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Tighter rhubarb supply from Pacific Northwest

The rhubarb field crop out of Washington has some challenges this season. "We had some damage last fall so we've had to move a lot of our customers to some other local growers," says Brian Anderson of Knutson Farms Inc.

He notes that normally it ships out 40-50 pallets of rhubarb a week and right now, it's shipping one or two weekly. "We have enough acreage that we can rotate our fields. So if there's a field that's ready but we're picking in another field and we're not going to get to that field, we'll go in and chop it so it will come back in six more weeks when we'll need it. That way we can continually pick from April to October," says Anderson.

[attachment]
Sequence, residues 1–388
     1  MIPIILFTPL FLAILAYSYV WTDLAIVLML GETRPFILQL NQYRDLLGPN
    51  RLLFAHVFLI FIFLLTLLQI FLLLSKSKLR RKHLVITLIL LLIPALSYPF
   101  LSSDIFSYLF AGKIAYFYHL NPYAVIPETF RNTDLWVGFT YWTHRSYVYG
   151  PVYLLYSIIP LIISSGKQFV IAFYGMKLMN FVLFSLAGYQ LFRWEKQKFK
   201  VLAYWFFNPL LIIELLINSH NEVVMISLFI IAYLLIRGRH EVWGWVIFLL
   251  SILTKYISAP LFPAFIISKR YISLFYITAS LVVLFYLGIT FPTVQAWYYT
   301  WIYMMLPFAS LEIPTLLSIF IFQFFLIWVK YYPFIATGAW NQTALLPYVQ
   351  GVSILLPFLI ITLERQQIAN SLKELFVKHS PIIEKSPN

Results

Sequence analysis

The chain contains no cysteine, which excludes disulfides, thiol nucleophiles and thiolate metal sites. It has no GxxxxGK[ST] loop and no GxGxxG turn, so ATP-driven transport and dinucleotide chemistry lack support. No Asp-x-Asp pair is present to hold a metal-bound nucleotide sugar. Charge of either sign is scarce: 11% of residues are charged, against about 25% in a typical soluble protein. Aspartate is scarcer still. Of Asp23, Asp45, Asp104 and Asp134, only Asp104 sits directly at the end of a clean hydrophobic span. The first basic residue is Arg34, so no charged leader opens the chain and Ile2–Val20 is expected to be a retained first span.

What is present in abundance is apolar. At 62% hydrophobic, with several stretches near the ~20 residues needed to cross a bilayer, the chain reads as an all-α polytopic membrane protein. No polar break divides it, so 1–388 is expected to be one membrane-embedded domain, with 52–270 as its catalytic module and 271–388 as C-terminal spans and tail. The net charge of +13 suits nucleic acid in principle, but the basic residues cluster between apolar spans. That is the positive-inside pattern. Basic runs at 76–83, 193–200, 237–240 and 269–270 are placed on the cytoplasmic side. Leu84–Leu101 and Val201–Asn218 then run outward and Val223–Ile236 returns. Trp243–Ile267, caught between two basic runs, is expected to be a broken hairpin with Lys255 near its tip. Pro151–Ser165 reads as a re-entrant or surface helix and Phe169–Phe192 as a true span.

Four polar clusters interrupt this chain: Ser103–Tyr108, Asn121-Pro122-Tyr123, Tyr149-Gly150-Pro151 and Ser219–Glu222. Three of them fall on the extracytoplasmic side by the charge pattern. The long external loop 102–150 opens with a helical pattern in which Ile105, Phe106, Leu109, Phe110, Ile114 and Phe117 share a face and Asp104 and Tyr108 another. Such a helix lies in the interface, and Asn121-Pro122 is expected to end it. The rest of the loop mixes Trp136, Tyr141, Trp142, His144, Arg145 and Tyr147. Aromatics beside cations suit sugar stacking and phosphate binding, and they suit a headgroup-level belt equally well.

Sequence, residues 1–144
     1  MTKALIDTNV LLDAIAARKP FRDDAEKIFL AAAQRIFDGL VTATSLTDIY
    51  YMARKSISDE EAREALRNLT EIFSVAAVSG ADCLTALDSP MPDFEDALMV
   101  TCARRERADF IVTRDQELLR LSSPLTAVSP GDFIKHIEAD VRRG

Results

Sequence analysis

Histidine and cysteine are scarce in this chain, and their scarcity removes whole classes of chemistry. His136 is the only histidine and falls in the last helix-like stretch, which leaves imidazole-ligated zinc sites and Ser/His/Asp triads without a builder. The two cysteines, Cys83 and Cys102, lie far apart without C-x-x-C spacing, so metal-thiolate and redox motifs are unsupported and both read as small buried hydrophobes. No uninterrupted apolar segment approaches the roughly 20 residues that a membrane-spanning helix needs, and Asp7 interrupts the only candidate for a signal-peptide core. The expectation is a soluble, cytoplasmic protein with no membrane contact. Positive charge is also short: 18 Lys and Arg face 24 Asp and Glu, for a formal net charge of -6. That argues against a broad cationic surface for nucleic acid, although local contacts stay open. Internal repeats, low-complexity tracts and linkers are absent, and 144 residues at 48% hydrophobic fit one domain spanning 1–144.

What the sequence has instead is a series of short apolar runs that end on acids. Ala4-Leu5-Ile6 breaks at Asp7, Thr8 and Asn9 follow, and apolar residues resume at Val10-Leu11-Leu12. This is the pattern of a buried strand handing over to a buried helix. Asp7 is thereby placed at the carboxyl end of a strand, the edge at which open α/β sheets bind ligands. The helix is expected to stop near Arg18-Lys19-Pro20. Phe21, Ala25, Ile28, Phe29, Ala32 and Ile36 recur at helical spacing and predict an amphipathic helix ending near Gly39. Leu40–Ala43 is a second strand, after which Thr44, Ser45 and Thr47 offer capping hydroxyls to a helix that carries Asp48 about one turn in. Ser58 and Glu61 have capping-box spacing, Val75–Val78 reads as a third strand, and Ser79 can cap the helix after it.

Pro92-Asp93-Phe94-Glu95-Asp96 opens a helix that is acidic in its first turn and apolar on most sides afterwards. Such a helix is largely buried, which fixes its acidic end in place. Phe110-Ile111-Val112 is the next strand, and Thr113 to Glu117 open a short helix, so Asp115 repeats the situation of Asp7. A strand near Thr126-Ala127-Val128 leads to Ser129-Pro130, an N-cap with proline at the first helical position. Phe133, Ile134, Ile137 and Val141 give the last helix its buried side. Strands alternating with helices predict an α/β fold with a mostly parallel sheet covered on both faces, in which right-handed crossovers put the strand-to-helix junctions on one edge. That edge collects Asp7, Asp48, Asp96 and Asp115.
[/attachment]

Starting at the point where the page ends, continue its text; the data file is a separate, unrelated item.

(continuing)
Along with Washington and Oregon supply, there may also be product available from Michigan at the moment.

Field and hothouse growing
While current production is coming from the fields, Knutson Farms also does hothouse rhubarb growing in the off-season starting in mid-December. Picking generally begins in the middle of January to the middle of March. "We're not quite year-round–from October to the middle of January we don't have it," says Anderson.

As for demand, hothouse rhubarb did see stronger demand over the winter. "We got a lot of calls about it from people looking for it–but we can only grow so much there," he says. Meanwhile, demand right now for field-grown rhubarb looks stronger given the shorter crop.

This is also all leaving pricing stronger than last year. "If we're going to continue to grow rhubarb, we have to raise the price this year," says Anderson. "It costs a lot of money to grow rhubarb because it's so labor-intensive–you have to hand pick it and there's a lot of cultivating and the labor and input costs are going up. I hope we can continue to grow it."

For more information:
Brian Anderson
Knutson Farms Inc.
Tel: +1 (253) 863-4477